On 9 December, the College of Haringey, Enfield and North East London (CONEL) welcomed a class of foreign-exchange make-up students and celebrity make-up artist Liz Martins to its Tottenham Centre in Seven Sisters.
As part of a recurring cultural exchange with the college, around 30 Japanese students were invited to explore the differences and similarities of the English teaching system.
With its industry-standard studio ‘The Salon’ and training workshops on-site, the college was the perfect place to start for our guests, who also benefited from a demonstration with celebrity make-up artist Liz Martins.
Liz’s portfolio spans 20 years and has seen her working across a range of palettes and genres, including editorial, beauty, advertising and celebrity. Known for her work in fashion (including for fashion royalty Kate Moss, Helena Christensen and Eva Herzigova) and music, Liz demonstrated make-up in a western ‘music video’ style for the exchange students and a class of CONEL students, before she opened the floor to questions.
Liz said: “It’s a hard industry to get into and one that takes a lot of work. I started in 1995, back when it was a very small industry. It was the dawn of the celebrity make-up artist – people like Pat McGrath and Mary Greenwell – but very undercurrent. That’s what made me want to get into it.
“I was very into art. I loved to draw and wanted to get into graphic design. It’s hard to find a way to make money out of art. Computers and maths didn’t take me but I had an affinity with fashion.
“I took a short course and started assisting. If you want to get into fashion, it’s imperative you go and assist. I started painting toenails. I hate feet. But it was anything to get on that Fashion Week team.
“From there I started working with the Spice Girls, and then Girls Aloud. Now I work with Rita Ora. In editorial I work with Vogue, which is very different to what’s expected from music. But it all started with assisting.”
Liz’s demonstration explored some of the differences between skin tones, face shape and trends, replicating some of the vibrant styles of this year’s London Fashion Week.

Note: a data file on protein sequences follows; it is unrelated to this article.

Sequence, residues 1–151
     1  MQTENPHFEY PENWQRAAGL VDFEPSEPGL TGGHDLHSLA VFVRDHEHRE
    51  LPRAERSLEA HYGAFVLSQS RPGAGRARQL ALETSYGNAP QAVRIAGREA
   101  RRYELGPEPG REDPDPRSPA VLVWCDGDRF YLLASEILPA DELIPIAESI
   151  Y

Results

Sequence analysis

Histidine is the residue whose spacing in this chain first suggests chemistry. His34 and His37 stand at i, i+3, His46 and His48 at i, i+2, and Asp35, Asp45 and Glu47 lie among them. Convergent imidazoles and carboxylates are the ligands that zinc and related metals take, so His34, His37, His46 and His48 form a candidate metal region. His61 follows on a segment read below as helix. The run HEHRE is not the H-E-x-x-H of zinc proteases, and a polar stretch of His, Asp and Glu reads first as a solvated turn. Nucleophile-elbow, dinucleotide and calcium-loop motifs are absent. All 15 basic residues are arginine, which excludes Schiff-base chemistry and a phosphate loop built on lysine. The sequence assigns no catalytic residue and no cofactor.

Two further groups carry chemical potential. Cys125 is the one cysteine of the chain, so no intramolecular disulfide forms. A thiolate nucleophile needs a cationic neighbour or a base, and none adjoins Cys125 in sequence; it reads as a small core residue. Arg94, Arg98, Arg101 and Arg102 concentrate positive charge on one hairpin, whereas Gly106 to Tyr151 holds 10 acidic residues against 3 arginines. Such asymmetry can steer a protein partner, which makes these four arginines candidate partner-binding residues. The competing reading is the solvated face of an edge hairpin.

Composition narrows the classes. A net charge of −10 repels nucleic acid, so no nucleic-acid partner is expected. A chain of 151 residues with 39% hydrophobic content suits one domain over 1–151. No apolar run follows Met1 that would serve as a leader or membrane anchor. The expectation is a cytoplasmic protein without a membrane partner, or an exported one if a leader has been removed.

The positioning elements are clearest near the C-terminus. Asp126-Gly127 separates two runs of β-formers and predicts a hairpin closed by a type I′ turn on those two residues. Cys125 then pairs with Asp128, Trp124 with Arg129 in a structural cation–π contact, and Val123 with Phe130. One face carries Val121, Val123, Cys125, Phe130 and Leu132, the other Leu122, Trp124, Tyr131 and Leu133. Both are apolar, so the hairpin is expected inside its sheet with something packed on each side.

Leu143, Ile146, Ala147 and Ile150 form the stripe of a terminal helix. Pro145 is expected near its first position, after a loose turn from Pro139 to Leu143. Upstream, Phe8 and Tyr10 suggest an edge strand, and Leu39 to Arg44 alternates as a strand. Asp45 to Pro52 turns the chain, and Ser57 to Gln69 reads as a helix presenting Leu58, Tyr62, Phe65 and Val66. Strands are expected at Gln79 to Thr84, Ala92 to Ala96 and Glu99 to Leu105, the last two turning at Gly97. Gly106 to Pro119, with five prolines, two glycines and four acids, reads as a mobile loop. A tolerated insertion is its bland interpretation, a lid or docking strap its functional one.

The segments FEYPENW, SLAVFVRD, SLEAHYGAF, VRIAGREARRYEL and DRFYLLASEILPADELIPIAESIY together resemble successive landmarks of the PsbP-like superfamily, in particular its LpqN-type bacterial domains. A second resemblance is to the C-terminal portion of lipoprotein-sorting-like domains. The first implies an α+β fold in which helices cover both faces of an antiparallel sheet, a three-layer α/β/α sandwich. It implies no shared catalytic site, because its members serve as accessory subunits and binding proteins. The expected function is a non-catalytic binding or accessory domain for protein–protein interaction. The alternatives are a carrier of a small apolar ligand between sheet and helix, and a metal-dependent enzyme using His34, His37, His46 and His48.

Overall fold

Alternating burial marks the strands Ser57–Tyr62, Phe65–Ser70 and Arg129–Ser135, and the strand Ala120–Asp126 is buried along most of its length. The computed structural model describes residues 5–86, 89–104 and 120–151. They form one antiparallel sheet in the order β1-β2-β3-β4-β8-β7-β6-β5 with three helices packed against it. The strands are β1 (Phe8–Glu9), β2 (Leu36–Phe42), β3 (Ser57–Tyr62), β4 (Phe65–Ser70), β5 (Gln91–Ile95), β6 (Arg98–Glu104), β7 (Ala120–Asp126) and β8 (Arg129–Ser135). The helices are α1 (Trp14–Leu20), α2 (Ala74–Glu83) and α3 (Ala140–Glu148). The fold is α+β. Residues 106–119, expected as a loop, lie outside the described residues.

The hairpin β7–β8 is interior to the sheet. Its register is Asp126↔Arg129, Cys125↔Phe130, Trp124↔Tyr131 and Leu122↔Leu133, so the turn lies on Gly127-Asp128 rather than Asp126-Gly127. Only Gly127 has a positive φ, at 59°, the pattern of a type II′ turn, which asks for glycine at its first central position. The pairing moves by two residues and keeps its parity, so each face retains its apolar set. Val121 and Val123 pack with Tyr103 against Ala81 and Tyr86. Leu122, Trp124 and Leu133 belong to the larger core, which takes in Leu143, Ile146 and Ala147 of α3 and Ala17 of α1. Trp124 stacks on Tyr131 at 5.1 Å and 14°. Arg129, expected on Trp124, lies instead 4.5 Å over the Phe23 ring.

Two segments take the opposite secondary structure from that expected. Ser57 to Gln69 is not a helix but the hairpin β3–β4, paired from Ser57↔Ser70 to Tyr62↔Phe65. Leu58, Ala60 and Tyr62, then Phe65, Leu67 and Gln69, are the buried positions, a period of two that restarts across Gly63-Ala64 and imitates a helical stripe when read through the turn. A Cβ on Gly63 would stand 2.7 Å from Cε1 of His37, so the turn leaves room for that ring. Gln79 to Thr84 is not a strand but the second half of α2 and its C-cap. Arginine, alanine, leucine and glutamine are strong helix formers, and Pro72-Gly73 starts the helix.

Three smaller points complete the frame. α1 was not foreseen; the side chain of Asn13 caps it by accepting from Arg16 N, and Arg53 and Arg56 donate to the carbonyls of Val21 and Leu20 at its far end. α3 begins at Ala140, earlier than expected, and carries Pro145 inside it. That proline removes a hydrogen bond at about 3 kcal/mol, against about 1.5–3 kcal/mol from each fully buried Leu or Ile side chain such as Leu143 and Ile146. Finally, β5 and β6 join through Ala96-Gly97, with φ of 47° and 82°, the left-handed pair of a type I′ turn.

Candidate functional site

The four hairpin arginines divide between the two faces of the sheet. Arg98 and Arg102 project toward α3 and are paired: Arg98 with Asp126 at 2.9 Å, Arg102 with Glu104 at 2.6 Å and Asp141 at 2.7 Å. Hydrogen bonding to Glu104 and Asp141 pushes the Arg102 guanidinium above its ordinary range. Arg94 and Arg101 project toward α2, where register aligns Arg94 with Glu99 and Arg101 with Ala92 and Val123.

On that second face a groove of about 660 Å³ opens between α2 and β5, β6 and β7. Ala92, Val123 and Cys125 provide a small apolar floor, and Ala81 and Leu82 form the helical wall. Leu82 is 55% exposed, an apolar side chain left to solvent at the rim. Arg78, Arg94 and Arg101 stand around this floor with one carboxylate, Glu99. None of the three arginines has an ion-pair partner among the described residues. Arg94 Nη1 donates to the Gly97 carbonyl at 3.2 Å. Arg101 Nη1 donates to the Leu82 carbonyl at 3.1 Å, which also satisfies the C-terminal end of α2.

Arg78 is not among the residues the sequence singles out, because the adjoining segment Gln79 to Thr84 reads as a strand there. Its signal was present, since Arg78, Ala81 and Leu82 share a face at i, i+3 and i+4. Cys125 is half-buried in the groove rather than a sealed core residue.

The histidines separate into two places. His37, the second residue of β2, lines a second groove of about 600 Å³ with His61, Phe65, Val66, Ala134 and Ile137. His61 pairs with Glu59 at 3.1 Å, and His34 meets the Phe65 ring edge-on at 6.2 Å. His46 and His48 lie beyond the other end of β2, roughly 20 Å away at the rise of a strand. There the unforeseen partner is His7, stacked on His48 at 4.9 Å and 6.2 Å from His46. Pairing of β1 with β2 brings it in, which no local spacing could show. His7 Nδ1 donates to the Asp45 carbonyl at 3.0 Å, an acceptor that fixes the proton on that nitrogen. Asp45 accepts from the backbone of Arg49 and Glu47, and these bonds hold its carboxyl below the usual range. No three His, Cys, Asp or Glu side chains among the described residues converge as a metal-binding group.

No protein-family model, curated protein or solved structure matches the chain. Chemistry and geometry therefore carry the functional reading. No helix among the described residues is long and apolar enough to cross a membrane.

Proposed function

“It’s important to develop your own style and have some fun with make-up. Relax. I try to collect references from everywhere. I took a lot of inspiration from David Bowie’s make-up in the 1970s, but I’ll also read wildlife books and, of course, fashion magazines. Find what works for you and don’t be afraid to get creative.”
As part of the visit, students later moved to the MAC flagship store on Carnaby Street where they found out more about the world of beauty.
CONEL’s Head of School for Hair and Beauty, Ann Atkin, said, “It’s important that students have the opportunity to experience diversity of thought and practice in their studies. Our guests were interested to learn how to apply make-up on unfamiliar skin tones and saw a number of new, western practices. It is also important for our students to exchange ideas and understand the differences in training and client expectations in other countries. External relationships are vital in giving students a greater understanding of the wider industry.”
Your future in hairdressing and beauty
The hairdressing and beauty workforce is projected to grow between now and 2024, creating 1,100 new jobs. In the same period, 35.3% of people working in beauty and related occupations are likely to retire, creating 32,300 job openings.
If you are wondering how much hairdressers and beauty therapists earn, completing a course at CONEL in Hairdressing and Beauty Therapy could land you a starter job in the following careers with these annual salaries:
Clinic/Salon Manager: £22,880
Beauty Therapist: £17,680
Hairdresser and Barber: £16,120
Make-up artist: £17,680
Nail Technician: £17,680
However, it’s the perfect industry for setting yourself up as a freelancer, and when you’re in control – the skies the limit!
- Last Updated: 14 January 2020